If you need to fix this as soon as possible, you might want to skip to the end ("Treat it as a Unity/Compiz problem."). But, as explained there, I recommend performing the other troubleshooting steps and possible solutions first.
Check if the correct kernel is running.
Check that you're actually running the latest version of the kernel by running the command:
That will give you the version you are running now. If it's wrong, make sure the correct version is being selected in the GRUB menu (by shutting down and rebooting, and selecting it manually). If it's not available, make sure it's really installed.
You can use
apt-cache policy X to check if
X is installed and what versions of
X are available.
You can list installed packages related to the linux kernel with:
dpkg -l | grep linux-
Working around the problem, until it is solved (so you can fix it):
To run commands and use the machine while working on fixing this problem, you can work around the problem by installing the gnome-session-fallback package and selecting GNOME Classic or GNOME Classic (no effects) on the login screen.
If the current UI problem prevents you from installing that graphically or in a Terminal window, then you can switch to a virtual console to install it. To do that, press Ctrl+Alt+F1. Then log in and install it the same way you would in a Terminal window, by running:
sudo apt-get update && sudo apt-get install gnome-session-fallback
Alt+F7 brings you back to the GUI.
If your Ubuntu system is configured to log you in automatically, and you cannot access the Log Off option from the session indicator (which is part of the top panel), then you can log out by opening a Terminal window (Ctrl+Alt+T) and running the command:
If you can open a graphical Terminal window, then from the virtual console you can try running
sudo restart lightdm, but that will probably just start a new automatic login for you. Therefore, it may be necessary (in the virtual console) to run
cat /etc/lightdm/lightdm/conf to verify that automatic login is configured through
lightdm.conf (it will look like this), then temporarily disable it by renaming the file so it is not used:
mv /etc/lightdm/lightdm.conf /etc/lightdm/lightdm.conf.old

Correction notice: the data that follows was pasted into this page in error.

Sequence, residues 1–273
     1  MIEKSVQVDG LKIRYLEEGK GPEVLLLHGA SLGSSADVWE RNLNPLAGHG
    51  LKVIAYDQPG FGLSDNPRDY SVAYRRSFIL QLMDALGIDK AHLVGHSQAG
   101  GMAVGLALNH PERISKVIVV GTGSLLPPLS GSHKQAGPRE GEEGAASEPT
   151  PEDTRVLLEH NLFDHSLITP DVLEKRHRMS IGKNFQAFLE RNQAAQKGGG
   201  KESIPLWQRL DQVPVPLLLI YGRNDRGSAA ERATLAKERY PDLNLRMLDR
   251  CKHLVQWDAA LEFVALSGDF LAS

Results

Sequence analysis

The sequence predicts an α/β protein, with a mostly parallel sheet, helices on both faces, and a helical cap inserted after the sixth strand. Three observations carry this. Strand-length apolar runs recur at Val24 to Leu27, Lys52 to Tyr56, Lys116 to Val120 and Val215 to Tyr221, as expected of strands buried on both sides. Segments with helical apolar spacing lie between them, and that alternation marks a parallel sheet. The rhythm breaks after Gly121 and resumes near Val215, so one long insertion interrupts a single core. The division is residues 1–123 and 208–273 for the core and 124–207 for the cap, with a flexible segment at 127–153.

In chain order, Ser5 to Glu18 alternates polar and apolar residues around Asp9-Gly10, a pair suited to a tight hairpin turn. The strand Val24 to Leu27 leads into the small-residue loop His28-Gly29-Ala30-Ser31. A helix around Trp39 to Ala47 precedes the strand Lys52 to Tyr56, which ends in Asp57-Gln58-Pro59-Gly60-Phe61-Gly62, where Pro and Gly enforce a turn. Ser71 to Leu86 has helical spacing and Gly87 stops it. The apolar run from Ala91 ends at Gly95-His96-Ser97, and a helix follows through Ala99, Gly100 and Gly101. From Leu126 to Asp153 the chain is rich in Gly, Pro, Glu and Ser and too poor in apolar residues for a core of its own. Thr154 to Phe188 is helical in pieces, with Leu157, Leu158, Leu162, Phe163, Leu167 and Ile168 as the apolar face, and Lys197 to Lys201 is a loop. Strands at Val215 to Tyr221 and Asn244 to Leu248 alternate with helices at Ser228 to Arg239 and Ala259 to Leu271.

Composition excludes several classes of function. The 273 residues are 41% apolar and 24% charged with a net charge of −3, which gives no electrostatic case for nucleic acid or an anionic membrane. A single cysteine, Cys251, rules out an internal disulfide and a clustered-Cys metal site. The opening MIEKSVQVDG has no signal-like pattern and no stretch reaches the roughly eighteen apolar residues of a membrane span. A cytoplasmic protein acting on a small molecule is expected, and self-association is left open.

sudo restart lightdm should give you a login screen.
Check your video drivers.
Assuming you're running the latest version of the kernel, make sure you're running the right video drivers. If you installed your video drivers through Additional Drivers (or didn't manually install video drivers, or don't remember doing so), go there. In a GNOME Classic session, you should be able to find Additional Drivers in Applications > Preferences.
Or you can run Additional Drivers manually:
- In Ubuntu 12.04 and earlier, run the command
gksu jockey-gtk from a GUI Terminal window (Ctrl+Alt+F2), or from the Run... text box (Alt+F2).
- In Ubuntu 12.10 and later, open Software Sources (
gksu software-properties-gtk) and go to the Additional Drivers tab.
(In both cases, I only recommend running the command with
gksu in your particular situation, in case the window management problems you're experiencing get in the way of authenticating with PolicyKit. Ordinarily, you can just run
software-properties-gtk, then when you want to make a change that requires administrative power, you're automatically prompted for your password. PolicyKit spawns an ordinary window for authentication, whereas running
gksu manually should produce a full-screen, foreground dialog box that displays reasonably correctly even when the window manager is not working properly.)
If you installed your video drivers in some other way, you may need to do it again, to reinstall them.
- This may have the effect of reinstalling them, or of reconfiguring them so they work again.
Treat it as a Unity/Compiz problem.
If none of the above helps--and there's a substantial likelihood that it will not--then the problem is mostly likely in Compiz, and you can fix it with the solutions given for this related problem:
I understand that problem is different from what you're experiencing, in that you are able to get windows to appear (they just don't have their borders, which include their title bars). However, Compiz is what provides those borders and title bars, as well as what provides Unity with the ability to show its user interface elements. (Unity is a Nux plugin, so it uses Compiz to display everything, not just discrete window borders.)
If you like, you might try this first. But I recommend doing the above troubleshooting first, because if you skip to this, you might fix the symptom while leaving the underlying cause unaddressed. (For example, if your video drivers are not working properly, that can cause problems with Compiz, but might cause future performance or stability problems even after this specific Compiz-related problem is solved.)